Recommended Pecan Varieties for Louisiana Yards

John R. Pyzner, Sanderlin, Randy S., Graham, Charles J.  |  10/23/2008 8:29:04 PM


Recommended Pecan Varieties for Louisiana Yards

The pecan tree is prevalent in Louisiana as a shade tree in the landscape and also as a source of nuts for home use. However, many plantings do not produce because of poor variety, poor site selection, lack of fertilization, or poor insect and disease control.

When selecting a pecan variety for home planting, the most important factor to consider is scab disease tolerance or resistance. While smaller trees may be sprayed for the first few years with small hydraulic sprayers, homeowners normally do not have access to high-pressure spray equipment required for season-long disease control on large trees. No sprays are required before the tree produces pecans.

Another fact to consider is that cross-pollination improves the quality and quantity of nuts produced. Unless other pecan plantings are within a 1/4-mile radius, two varieties with opposite blooming characteristics should be planted for cross-pollination.

The recommended varieties for home planting are listed and described below. These varieties are available from commercial nurseries and have proven to be the best ones to plant under Louisiana growing conditions. However, geographic location, even within Louisiana, will have an impact on nut quality.

Varieties highly susceptible to diseases should be avoided. Schley, Wichita and Desirable are highly susceptible to scab and should not be planted because of their need to be sprayed.

Please check with your county agent or extension specialist for more detailed recommendations and for information on site selection and care of planted trees. And, for more information on scab disease and other diseases and insects, please visit the LSU AgCenter Pecan Research-Extension Station website, listed at the end of this article.

Recommended Varieties: Late Pollen Shedding

Candy – Trees produce early ripening, small nuts (66 nuts/lb.) with thick shells and attractive kernels (48%) that have high quality and good flavor. Trees are vigorous with dense, dark green foliage and a strong framework. Trees begin to bear in four to five years, but will tend to bear in alternate years as trees grow older.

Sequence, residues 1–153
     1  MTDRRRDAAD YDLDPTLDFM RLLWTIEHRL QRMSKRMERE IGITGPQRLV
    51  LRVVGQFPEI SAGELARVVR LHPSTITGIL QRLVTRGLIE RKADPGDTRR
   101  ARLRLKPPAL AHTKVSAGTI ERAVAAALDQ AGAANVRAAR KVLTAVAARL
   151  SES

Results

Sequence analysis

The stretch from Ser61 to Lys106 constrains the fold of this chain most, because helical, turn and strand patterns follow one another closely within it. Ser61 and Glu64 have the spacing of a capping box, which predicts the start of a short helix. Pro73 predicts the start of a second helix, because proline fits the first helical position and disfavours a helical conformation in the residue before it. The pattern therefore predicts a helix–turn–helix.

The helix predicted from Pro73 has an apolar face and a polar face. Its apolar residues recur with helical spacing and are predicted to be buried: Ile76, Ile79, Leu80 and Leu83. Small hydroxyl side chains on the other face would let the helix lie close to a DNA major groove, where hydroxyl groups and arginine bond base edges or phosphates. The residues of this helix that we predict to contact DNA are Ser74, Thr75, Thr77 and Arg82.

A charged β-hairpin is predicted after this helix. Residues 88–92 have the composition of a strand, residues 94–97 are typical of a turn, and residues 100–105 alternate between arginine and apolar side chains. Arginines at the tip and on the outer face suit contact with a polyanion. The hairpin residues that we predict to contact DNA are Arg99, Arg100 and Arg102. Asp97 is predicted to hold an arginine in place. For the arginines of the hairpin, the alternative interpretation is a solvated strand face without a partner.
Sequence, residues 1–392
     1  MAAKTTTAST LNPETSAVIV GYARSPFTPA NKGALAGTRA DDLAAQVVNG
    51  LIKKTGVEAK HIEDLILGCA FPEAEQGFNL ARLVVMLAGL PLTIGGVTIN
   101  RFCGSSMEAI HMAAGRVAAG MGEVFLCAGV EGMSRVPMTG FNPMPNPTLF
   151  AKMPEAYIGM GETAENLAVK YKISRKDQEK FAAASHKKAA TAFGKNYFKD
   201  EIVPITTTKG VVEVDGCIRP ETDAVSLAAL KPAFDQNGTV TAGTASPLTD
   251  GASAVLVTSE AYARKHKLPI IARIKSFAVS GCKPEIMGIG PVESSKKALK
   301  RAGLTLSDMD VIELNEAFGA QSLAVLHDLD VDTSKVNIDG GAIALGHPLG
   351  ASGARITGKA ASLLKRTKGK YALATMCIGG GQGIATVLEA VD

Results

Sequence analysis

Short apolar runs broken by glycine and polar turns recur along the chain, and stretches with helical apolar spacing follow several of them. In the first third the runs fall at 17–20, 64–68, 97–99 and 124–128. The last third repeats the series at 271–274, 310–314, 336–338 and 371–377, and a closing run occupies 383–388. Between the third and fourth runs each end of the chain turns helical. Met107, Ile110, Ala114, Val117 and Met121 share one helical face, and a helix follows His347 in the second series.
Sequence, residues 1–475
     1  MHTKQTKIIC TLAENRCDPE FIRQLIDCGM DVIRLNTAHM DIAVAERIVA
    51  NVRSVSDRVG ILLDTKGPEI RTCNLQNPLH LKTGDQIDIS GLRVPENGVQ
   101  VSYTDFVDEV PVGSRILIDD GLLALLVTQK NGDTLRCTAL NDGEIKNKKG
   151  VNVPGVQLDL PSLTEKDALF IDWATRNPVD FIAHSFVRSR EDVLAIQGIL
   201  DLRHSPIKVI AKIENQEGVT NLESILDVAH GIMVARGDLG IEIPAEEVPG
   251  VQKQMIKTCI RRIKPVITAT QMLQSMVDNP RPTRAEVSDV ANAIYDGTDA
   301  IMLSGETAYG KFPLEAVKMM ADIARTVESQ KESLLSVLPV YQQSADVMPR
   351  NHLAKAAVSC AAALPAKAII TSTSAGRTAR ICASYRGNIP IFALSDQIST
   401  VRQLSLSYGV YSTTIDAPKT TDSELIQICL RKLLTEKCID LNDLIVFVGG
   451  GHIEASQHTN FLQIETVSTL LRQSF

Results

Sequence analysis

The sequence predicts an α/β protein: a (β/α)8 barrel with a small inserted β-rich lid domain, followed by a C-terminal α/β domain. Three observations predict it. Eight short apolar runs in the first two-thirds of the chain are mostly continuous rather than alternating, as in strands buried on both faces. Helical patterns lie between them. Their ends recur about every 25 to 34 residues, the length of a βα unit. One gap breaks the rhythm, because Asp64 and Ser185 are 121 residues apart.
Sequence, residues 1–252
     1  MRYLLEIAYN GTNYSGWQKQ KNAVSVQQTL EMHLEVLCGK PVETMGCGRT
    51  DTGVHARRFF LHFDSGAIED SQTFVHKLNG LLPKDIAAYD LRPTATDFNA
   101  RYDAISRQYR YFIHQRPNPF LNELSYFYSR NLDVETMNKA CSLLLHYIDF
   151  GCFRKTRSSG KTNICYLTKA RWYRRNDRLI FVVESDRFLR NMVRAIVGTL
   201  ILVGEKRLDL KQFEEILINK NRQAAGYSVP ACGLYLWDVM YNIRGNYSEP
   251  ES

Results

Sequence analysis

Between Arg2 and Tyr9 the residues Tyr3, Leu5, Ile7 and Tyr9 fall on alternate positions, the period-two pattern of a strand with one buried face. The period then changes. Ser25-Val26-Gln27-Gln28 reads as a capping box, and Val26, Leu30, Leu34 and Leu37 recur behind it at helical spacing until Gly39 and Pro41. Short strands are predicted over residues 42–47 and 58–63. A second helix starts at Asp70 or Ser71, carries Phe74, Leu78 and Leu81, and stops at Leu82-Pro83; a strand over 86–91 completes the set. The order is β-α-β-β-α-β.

Elliott – Trees produce a round, small nuts (67 nuts/lb.) with a thick shell and a bright, well flavored kernel (53%). Nuts have excellent cracking characteristics. Trees bear in six to eight years. Elliott has excellent resistance to scab, but is susceptible to bunch disease. This variety has been widely planted in south Louisiana.

Recommended Varieties: Late Pollen Shedding (continued)

Sumner - Trees produce attractive, medium-large nuts (48 nuts/lb.) with a light, good quality kernel (55%). Trees bear at a relatively early age - five to six years. It is recommended for yard plantings because of excellent scab resistance.

Melrose – Trees are prolific producers of medium-large, oblong nuts (53 nuts/lb.) with bright, attractive kernels (57%). Nuts have excellent cracking qualities. Trees bear in six to eight years. It has moderate resistance to scab and shuck disease, but is susceptible to powdery mildew and bunch disease. This variety is recommended more for northern Louisiana because it often develops severe scab disease in southern Louisiana.

Recommended Varieties: Early Pollen Shedding

Caddo – Trees are prolific producers of football-shaped, medium-sized nuts (60 nuts/lb.), pointed at both ends with thin shells and bright attractive kernels (56%). Nuts have excellent cracking qualities. Caddo has moderate scab resistance and good bunch disease resistance; however, it is susceptible to black aphids and powdery mildew.

Oconee – Trees are good producers of large, oblong nuts (48 nuts/lb.) with thin shells and attractive kernels (56%). Nuts have excellent cracking qualities. Oconee has moderate scab resistance.

Jackson – Trees are consistent producers of large nuts (39 nuts/lb.) with medium shells and bright, well-filled, excellent quality kernels (53%). Nuts have excellent cracking qualities. Trees have low alternate bearing tendencies. Jackson has moderate scab resistance.

Information contributed by: John Pyzner, Associate Professor (Horticulture); Randy Sanderlin, Associate Professor (Plant Pathology); and Charles Graham, Associate Professor (Horticulture).

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